A hike around the lovely Shaddox Hollow Trail at Hobbs State Park-Conservation Area leads to forest, streams and rock. Lots and lots of rock.
So much rock that a self-guided geology tour now lets hikers find out what kind of rock they’re viewing along different parts of trail.
The 1.5-mile Shaddox Hollow Trail is a loop laid out on high ridge tops and low ground along a couple of streams. Hikers see different plants and wildflowers up high than they find along the lower elevations. Same with the types of rock.
The self-guided geology hike features six numbered signs along the loop that correspond to the stops on a laminated information sheet at the trailhead and parking area. The sheet is located in the kiosk where visitors sign in and out when they hike. Take the sheet with you along the trail and return it to the kiosk at the end of your hike. There’s only one sheet.
With sheet in hand, hike to the left to start the geology tour.
A map on the sheet shows the different rock formations seen on the trail. Different colors of rock distinguish one type from another. Hikers see chert, limestone, shale, sandstone and dolostone all packed into a 1.5-mile hike.
These rock stars aren’t youngsters, but millions of years old. Chert and limestone are the new kids on the block formed 331 to 359 million years ago, reads the tour sheet. Shale and sandstone formed some 359 to 393 million years ago. Dolostone is the grandfather of rock formed 470 to 485 million years ago.
Not far from the trailhead at stop No. 1, hikers are walking among the youngest rock variety. Light gray chert fragments are scattered about the trail. This chert formation is about 150 feet thick, reads the information sheet.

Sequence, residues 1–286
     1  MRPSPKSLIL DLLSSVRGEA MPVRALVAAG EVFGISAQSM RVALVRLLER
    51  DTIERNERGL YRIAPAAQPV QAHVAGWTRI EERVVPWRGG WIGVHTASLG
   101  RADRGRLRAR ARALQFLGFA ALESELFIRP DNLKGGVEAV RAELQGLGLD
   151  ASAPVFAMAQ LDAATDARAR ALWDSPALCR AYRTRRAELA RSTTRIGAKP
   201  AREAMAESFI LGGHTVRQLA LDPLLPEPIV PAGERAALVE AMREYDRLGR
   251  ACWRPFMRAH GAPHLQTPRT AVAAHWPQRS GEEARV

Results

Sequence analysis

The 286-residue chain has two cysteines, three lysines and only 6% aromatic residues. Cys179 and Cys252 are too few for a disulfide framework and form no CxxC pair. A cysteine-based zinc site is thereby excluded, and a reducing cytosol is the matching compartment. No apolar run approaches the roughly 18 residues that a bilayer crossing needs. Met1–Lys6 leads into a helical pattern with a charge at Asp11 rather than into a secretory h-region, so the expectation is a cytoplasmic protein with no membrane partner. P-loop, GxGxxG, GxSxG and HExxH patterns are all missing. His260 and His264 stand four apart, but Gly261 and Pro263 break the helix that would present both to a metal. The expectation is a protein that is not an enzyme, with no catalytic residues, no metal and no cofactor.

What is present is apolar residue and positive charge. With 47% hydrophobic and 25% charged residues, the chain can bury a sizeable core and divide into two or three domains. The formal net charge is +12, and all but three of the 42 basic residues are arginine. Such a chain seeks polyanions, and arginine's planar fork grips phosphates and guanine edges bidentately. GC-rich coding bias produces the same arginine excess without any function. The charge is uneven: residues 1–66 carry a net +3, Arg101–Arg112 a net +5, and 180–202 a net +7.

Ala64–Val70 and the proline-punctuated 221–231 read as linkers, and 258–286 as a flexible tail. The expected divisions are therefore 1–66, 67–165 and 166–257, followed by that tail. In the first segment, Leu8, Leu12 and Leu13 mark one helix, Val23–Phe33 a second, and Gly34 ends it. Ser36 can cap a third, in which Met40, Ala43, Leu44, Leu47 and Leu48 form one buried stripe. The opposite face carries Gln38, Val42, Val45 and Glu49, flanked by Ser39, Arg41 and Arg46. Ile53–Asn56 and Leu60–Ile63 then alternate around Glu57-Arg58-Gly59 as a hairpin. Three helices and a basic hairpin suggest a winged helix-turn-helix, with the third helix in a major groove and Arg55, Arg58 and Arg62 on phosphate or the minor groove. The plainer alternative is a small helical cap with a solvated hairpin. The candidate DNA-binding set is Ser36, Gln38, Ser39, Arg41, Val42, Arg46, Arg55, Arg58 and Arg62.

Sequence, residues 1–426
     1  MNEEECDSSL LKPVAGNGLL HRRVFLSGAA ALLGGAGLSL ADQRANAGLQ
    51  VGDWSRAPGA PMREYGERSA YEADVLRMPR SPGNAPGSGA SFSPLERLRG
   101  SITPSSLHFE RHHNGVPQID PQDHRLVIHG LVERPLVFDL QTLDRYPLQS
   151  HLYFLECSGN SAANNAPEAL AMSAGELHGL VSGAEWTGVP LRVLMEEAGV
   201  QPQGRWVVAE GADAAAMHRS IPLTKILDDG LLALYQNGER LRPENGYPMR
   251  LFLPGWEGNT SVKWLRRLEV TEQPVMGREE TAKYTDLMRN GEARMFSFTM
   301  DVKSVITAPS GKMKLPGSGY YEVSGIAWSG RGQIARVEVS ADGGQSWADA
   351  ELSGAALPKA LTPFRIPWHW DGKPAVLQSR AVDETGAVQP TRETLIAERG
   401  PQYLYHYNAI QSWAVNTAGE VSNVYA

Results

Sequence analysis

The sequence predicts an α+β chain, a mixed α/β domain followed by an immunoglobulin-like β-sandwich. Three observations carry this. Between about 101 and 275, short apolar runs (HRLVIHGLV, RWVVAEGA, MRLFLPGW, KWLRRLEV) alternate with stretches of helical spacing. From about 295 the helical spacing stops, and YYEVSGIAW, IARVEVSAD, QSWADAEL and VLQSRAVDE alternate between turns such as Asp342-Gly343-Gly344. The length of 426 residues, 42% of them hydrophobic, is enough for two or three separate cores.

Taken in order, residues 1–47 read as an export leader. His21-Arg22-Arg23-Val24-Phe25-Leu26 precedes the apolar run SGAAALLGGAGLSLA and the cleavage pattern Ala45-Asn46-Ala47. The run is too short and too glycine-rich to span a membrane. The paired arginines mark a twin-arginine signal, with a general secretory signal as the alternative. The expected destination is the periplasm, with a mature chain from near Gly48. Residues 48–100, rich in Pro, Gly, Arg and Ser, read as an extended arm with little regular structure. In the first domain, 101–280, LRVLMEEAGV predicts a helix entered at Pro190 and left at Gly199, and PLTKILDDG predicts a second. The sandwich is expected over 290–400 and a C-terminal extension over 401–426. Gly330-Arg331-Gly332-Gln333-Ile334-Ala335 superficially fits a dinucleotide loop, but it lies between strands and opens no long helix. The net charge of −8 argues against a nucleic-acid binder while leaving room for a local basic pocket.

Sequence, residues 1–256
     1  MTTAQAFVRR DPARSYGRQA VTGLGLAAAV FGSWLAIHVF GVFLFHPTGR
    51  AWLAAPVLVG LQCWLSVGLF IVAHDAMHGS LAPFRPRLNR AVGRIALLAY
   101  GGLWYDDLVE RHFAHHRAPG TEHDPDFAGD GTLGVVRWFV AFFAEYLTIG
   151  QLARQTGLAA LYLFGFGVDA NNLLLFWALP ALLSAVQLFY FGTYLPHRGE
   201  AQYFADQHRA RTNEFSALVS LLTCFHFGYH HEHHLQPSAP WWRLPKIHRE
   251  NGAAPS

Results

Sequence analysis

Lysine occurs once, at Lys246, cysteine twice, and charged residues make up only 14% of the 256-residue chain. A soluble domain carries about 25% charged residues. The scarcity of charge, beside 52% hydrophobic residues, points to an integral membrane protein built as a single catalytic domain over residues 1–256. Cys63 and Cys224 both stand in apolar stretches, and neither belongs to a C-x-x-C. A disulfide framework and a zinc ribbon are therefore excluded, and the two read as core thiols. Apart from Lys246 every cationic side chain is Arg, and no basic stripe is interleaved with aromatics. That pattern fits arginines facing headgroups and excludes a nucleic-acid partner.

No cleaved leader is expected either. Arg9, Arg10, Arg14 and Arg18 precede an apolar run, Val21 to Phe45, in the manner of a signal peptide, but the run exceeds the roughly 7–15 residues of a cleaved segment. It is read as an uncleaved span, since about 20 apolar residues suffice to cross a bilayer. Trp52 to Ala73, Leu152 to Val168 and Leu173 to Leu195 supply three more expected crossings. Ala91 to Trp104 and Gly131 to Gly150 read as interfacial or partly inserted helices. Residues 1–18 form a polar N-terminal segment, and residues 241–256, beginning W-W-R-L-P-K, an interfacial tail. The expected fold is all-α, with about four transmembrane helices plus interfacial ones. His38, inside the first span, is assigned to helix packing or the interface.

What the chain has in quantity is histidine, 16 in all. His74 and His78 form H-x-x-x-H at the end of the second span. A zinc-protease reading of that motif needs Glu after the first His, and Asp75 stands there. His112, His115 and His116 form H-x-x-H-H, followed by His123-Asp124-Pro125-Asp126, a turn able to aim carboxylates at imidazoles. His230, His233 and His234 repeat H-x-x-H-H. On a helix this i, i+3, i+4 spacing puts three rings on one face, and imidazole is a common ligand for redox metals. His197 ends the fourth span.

Bluffs at stop No. 2 are at a lower elevation and are made up of St. Joe limestone. Look close and hikers may see tiny fossils in the rock. They’re the fossilized remains of tiny marine animals from when the area was covered with sea water. Fragile shale rock is seen where the trail follows a creek that flows into Beaver Lake.
Smooth breaks, like wide cracks, are seen along some of the limestone bluffs. These formed when slightly acidic groundwater flowed through the crack causing the rock to dissolve away, so the tour sheet states.
Back on high ground near the end of the hike, you’re back on the chert formation that’s close to the trailhead and parking.
Taking this self-guided tour would be a delight for any rock hound or geology buff. Talk about a great activity for the youngsters. What a better outing than geology hike on a trail that has creeks, bluff shelters and the Beaver Lake shoreline for kids to explore.
The trailhead and parking are located one mile north of the Arkansas 12 and Arkansas 303 junction at Hobbs State Park 10 miles east of Rogers. Trail difficulty is in the lungs and legs of the hiking-stick holder, but most would consider it moderate.
The geology tour makes good use of one thing we’ve got plenty of in our little corner of the Ozarks — rock. Lots of rock.
Flip Putthoff can be reached at email@example.com